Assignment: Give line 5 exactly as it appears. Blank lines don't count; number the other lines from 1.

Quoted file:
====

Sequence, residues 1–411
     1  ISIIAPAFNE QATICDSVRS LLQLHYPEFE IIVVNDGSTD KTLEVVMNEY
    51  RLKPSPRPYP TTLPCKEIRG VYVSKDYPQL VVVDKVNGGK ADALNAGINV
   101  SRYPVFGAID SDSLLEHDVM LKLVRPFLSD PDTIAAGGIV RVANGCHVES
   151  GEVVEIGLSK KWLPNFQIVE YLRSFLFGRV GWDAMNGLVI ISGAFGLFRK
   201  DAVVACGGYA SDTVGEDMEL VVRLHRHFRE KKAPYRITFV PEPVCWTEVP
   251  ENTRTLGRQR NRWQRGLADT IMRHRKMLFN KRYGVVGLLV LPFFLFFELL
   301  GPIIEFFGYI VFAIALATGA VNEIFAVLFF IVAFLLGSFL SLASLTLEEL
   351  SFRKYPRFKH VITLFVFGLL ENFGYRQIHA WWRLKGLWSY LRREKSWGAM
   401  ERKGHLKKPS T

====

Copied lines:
   151  GEVVEIGLSK KWLPNFQIVE YLRSFLFGRV GWDAMNGLVI ISGAFGLFRK